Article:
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11/29/2010

Artisan cheesemakers: Don’t hold us to FDA standards! A little listeriosis is fine!  »

It’s the retort of many a locavore/slow-foodie: “But I only eat meat/dairy/eggs from small, usually local producers who produce it ethically and safely.” There are a million reasons that that isn’t true, but most of them take a long time to explain, and people won’t agree with you anyway, so I’m happy (sort of) to report that today, finally, we can just say, “oh yeah?”

As it turns out, “small, local, artisan” food is no guarantee of either quality, safety, or a caring producer, looking out for his/her customers. The New York Times ran an article the other day about the Estrella Family Creamery, and their defiance of the FDA. The people at Estrella make artisan cheese. They make it in relatively small batches, and then (sustainably, one assumes) ship it all over the U.S. to snooty restaurants where people who really care pay lots of money for it, eat it, and feel superior—before they start to feel sick.

You see, in February 2010, F.D.A. inspectors found listeria in Estrella’s cheese, and all over the building where the cheese is produced and aged, including in the humidifier that blows air all over the production and aging area. Gross. Kelli Estrella, owner and principal cheesemaker at Estrella, recalled some cheese and cleaned the production facility. Later, follow-up tests by the F.D.A. showed there was still listeria in Estrella cheese. Listeriosis causes fever and muscle aches and vomiting. Nausea and diarrhea are less common symptoms. If the infection spreads to the nervous system it can cause meningitis, an infection of the covering of the brain and spinal cord. It can also cause miscarriages.

This time, though, Kelli Estrella’s fighting back. She refuses to throw out the contaminated cheese, saying essentially that regulators should go after bigger operations and leave small producers like hers alone—despite, apparently, the fact that her small operation has now twice tested positive for a bacteria that can cause serious illnesses. It turns out this kind of entitled attitude is pretty common among artisan cheesemakers, which isn’t all that surprising considering that it’s also pretty common for them to fail their inspections. In the last year, nine small cheesemakers have had to recall their products due to contamination. From the Times:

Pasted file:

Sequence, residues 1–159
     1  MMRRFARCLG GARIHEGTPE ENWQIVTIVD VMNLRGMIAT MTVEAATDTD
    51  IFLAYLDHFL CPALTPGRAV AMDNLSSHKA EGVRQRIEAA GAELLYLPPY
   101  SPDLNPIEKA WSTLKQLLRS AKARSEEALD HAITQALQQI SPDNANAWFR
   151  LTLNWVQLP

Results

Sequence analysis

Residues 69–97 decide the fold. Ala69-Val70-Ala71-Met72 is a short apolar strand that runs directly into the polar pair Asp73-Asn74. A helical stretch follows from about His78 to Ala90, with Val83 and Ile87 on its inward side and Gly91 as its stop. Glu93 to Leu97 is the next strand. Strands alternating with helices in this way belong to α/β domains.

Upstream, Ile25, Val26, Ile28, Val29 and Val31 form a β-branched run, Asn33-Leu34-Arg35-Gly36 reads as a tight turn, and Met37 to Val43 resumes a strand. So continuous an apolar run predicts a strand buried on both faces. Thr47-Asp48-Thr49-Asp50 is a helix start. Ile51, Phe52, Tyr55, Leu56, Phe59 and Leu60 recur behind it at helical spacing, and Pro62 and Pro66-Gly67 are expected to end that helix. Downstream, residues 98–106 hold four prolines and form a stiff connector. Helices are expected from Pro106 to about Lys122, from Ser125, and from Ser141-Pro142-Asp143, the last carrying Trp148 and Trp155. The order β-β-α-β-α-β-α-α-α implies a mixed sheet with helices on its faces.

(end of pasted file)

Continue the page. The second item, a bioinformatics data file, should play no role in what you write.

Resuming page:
“If the F.D.A. wanted to shut down the U.S. artisan cheese industry, all they’d have to do is do this environmental surveillance and the odds of finding a pathogen would be pretty great,” said Catherine W. Donnelly, co-director of the Vermont Institute for Artisan Cheese of the University of Vermont, referring to the listeria testing at cheese plants.

So, wait, WHAT? Artisan cheesemakers think they should be exempt from the standards imposed on all other producers, even as they admit that most artisan cheese is probably contaminated with something gross? How does that make any sense at all? Yeah, yeah, you’re all raw-milk crusaders, and we should be allowed to put whatever the damn hell we want in our mouths, and blah, blah, blah, but come on! You are really fighting for your down-home, small-batch right to sell a product that you know is contaminated with a dangerous bacteria?

OK, small, artisan cheesemakers, let me tell you about how food contamination works. I’m not a microbiologist, but I’ve taken a food safety class and had a whole glass of wine, so I think I’m qualified, particularly given how you guys all apparently interpret it. First, bacteria doesn’t give a shit whether you are a faceless corporation or a chock-full-o-personality-and-gumption artisan. Second, bacteria doesn’t give a shit if your customers are wealthier foodie assholes as opposed to poorer, food-desert nomads; they will get EQUALLY SICK—though I suppose you could argue that your rich foodie customers probably have more money for doctors and so are less likely to die from the listeriosis they contract from your artisan cheese. Third, bacterial contamination (particularly by bacteria that causes fever, vomiting, and MISCARRIAGES) is bad! It’s not folksy or character-building. It’s bad! It’s also gross! In sum, artisan cheesemakers, your failing inspection grades are neither government persecution nor badges of honor. Food safety regulations are important because it’s important to NOT KILL PEOPLE WHO EAT YOUR FOOD.

Reading this whinefest made me wonder how many other “artisan” food producers think they should be exempted from food safety regulations. I’d sure think twice before putting that “small batch” brie in my mouth.

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